The images that I post on Instagram are invariably the most beautiful and idealistic moments of my life, and this is all that those who follow me on social media see. The reality is that these images are edited to look perfect, and no one’s life (including mine) is actually true to their Instagram photos. If someone were to post honest photos of their day-to-day life, nobody would want to see it. Nobody wants to see and hear about normal every day processes or, even worse, the downsides to certain bad days.  Everyone wants to pretend that if they were that person with the glamorous Instagram everything would be easier and perfect. All their problems would go away. The sad truth is that if they saw the whole picture, they would probably think twice.

I see this same phenomenon with horses all the time. Someone sees a horse they love, they buy it, and within a month or so the incredible horse has seemingly deteriorated into a normal horse.  As George Morris always says with a great smirk, “You can’t buy this,” referring to what he has earned through hard work with horses over a lifetime. Buck offers similar wisdom when he says that “you will need to bleed” in order to understand horses and achieve refinement with them.  You can’t buy a horse and expect it to stay great unless your abilities match or exceed the education level of the previous rider.

No matter how much the “journey” is emphasized as important, however, most people don’t want to go through the hardships in order to reap the benefits. Most people want good results handed to them.  But what would your life look like without the hardships, moments of self-discovery, and the failures that ultimately lead to new wisdom? What if everything was just handed to you and life was just success after success without any effort?  Wouldn’t it be a life full of selfishness and complete meaninglessness? In my experience, the best part of the journey is going through what it takes to progress forward: striving to live a life of meaning by serving others with your special talents and passions. Without the struggle, there is no incentive to continue living life with vigor and a sense of urgency to learn.  I don’t think that I have much to offer now compared to what I will be able to offer in ten or more years, but this is what keeps me going every day.

Don’t get caught up wanting to be someone else because their life looks perfect. Let go of that illusion, and start to do what you can in reality.  Find a way to live a meaningful life by serving others through studying, applying, and reflecting every day.  Nothing is going to happen overnight, and the only way to succeed is by accumulating knowledge over a long period of time.  I wish I had some great success story to tell you about how this process has led me to achieve great things, but I am merely another person trying to survive the journey and learn from the struggle. I have faith that the process will take me where I am meant to go whenever I am meant to go there.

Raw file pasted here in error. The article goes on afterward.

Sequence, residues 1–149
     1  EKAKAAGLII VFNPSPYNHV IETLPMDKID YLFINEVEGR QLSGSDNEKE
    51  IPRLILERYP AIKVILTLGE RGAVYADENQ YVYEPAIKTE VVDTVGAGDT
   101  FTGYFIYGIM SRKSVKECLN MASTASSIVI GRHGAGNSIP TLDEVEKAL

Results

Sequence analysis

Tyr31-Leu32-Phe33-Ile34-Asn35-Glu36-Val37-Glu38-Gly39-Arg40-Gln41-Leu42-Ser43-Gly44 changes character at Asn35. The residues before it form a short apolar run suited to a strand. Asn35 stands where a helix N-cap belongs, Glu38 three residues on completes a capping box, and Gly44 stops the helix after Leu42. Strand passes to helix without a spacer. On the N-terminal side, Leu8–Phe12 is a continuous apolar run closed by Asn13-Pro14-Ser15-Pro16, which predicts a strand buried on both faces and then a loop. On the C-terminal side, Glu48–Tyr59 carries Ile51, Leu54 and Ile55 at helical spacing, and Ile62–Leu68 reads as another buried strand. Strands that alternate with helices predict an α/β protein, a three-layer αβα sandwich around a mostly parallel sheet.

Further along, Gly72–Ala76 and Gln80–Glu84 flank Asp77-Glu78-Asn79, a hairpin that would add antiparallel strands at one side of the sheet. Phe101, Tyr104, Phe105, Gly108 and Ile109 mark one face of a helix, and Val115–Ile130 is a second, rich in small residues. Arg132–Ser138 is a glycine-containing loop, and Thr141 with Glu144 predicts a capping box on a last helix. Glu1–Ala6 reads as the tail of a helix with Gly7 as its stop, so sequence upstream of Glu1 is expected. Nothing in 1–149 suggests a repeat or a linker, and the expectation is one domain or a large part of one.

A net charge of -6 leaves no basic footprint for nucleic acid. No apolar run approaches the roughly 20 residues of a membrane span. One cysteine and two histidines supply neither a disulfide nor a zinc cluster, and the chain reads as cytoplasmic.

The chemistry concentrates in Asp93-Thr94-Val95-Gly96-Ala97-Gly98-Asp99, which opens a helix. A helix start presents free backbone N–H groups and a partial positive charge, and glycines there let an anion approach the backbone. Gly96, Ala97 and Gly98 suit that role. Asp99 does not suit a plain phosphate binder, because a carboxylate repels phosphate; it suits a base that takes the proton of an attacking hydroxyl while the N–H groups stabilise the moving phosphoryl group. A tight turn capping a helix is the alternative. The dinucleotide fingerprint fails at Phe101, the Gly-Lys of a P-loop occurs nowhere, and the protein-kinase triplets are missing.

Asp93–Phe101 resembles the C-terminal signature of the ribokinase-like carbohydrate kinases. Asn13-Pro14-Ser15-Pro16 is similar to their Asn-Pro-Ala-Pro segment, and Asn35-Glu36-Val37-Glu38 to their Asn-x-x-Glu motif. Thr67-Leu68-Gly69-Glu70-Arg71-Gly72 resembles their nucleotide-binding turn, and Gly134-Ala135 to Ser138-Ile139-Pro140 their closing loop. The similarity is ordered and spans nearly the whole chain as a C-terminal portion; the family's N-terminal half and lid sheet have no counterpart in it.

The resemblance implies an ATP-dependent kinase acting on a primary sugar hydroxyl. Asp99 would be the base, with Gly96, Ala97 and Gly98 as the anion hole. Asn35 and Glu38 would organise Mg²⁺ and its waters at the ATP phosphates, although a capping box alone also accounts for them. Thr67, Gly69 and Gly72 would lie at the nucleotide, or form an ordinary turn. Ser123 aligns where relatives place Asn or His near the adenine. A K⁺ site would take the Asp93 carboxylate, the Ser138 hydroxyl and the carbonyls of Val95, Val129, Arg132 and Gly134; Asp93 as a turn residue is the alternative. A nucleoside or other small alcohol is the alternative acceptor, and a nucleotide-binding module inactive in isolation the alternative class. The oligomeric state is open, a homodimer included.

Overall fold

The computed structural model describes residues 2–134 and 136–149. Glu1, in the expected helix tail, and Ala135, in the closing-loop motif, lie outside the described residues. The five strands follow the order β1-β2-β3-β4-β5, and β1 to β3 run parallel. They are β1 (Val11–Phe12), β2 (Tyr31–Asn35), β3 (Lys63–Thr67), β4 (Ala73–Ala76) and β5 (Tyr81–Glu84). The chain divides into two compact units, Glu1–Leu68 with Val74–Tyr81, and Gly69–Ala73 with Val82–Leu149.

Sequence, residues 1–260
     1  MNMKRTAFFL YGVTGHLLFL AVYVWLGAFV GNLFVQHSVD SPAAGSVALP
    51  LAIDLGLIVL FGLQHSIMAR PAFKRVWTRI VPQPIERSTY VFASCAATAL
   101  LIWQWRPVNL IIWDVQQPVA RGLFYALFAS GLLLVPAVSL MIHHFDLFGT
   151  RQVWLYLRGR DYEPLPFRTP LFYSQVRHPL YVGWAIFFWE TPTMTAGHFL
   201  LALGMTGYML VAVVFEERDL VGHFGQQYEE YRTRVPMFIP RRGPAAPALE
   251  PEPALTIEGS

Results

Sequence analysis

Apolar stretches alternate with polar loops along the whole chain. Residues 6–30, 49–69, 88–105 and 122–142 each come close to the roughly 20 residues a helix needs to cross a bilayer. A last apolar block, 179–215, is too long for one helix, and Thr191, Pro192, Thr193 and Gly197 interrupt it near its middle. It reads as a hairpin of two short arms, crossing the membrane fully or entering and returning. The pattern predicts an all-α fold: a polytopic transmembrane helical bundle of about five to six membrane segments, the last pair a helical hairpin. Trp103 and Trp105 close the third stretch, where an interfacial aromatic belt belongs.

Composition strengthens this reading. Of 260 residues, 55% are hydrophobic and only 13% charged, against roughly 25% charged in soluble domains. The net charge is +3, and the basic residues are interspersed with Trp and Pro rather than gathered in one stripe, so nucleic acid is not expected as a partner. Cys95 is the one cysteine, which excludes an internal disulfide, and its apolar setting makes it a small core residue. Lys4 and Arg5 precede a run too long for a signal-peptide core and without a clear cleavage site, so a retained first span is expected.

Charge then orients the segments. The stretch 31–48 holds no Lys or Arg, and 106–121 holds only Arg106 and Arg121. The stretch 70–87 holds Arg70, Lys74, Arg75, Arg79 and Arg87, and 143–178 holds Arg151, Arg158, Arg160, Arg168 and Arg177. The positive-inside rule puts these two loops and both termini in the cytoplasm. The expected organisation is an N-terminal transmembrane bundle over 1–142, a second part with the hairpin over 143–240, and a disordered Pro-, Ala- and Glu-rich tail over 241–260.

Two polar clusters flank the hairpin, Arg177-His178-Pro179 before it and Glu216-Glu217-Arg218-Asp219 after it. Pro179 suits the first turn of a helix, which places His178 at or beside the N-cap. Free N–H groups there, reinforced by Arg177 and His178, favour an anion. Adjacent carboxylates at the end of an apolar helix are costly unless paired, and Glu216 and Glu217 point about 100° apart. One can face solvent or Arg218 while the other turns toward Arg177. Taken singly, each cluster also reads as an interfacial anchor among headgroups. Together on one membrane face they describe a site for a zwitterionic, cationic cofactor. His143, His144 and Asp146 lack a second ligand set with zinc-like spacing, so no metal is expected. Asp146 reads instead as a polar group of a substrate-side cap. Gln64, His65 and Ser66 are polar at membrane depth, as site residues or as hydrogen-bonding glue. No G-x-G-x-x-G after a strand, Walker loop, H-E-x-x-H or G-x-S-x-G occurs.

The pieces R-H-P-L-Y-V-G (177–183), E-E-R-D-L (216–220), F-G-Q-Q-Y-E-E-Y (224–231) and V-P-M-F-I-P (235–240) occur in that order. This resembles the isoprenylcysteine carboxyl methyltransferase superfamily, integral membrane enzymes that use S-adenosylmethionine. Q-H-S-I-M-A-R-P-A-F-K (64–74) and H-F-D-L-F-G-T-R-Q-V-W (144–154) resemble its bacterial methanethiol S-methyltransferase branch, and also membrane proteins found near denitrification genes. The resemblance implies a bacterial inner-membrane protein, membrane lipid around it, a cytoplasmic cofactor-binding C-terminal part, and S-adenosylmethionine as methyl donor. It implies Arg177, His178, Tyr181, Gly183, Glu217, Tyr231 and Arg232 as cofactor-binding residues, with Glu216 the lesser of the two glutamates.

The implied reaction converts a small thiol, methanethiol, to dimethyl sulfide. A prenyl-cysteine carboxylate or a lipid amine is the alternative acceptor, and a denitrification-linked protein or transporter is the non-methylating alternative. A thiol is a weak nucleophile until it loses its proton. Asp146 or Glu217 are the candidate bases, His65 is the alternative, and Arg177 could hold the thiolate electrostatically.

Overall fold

Audio Intake

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Audio intake is a great way to learn and continually expand on thoughts you may have been having.  Listening to audio books or podcasts are a great way to utilize time spent in a car, plane, or any situation in which you may be mindlessly absent otherwise.  The best part to me as a frequent traveler of the road, is how fast it makes a trip go by, engaging your mind in a whole different way.  For me, it really helps me reflect on the past, create new ideas for the future, and refine my thoughts with further understanding of reality.
There is subject matter for all interests in either podcast or audio book form, be sure to find time to listen daily to further enrich your mind.  Don’t get me wrong I love some music here and there, but if its over a 15 minute trip you can bet I will be listening to some podcast or audio book.  Whether it’s fiction or non fictional doesn’t matter, use the time to engage your brain on a different level.
Find dead spots through out your days that you could be capitalizing on to start to listen to some form of audio intake.  Whether that may be when you wake up, in your car, at work, before bed, during a walk, and when ever else it may be appropriate.  Spark your mind with positively enriching audio to create new ideas, reflect on old experiences, and refine thoughts that continually develop through out your life.
Audio is priceless for the stories, studies, insights, and breadth that help me to better convey my words to fit the understanding of others through their eyes.
Vast, quality intake is the key!  By combining hearing, seeing, feeling, reading, writing, teaching, reflecting, and refining; the odds of really retaining and further understanding increase.  Ultimately helping me to better understand reality and the need for simplicity.